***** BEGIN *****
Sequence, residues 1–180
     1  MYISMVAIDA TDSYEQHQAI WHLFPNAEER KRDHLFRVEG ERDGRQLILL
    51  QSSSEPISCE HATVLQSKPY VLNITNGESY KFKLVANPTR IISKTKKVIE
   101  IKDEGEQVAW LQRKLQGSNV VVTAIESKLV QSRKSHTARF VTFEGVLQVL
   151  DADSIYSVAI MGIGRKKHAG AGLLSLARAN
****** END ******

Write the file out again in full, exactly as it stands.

Sequence, residues 1–180
     1  MYISMVAIDA TDSYEQHQAI WHLFPNAEER KRDHLFRVEG ERDGRQLILL
    51  QSSSEPISCE HATVLQSKPY VLNITNGESY KFKLVANPTR IISKTKKVIE
   101  IKDEGEQVAW LQRKLQGSNV VVTAIESKLV QSRKSHTARF VTFEGVLQVL
   151  DADSIYSVAI MGIGRKKHAG AGLLSLARAN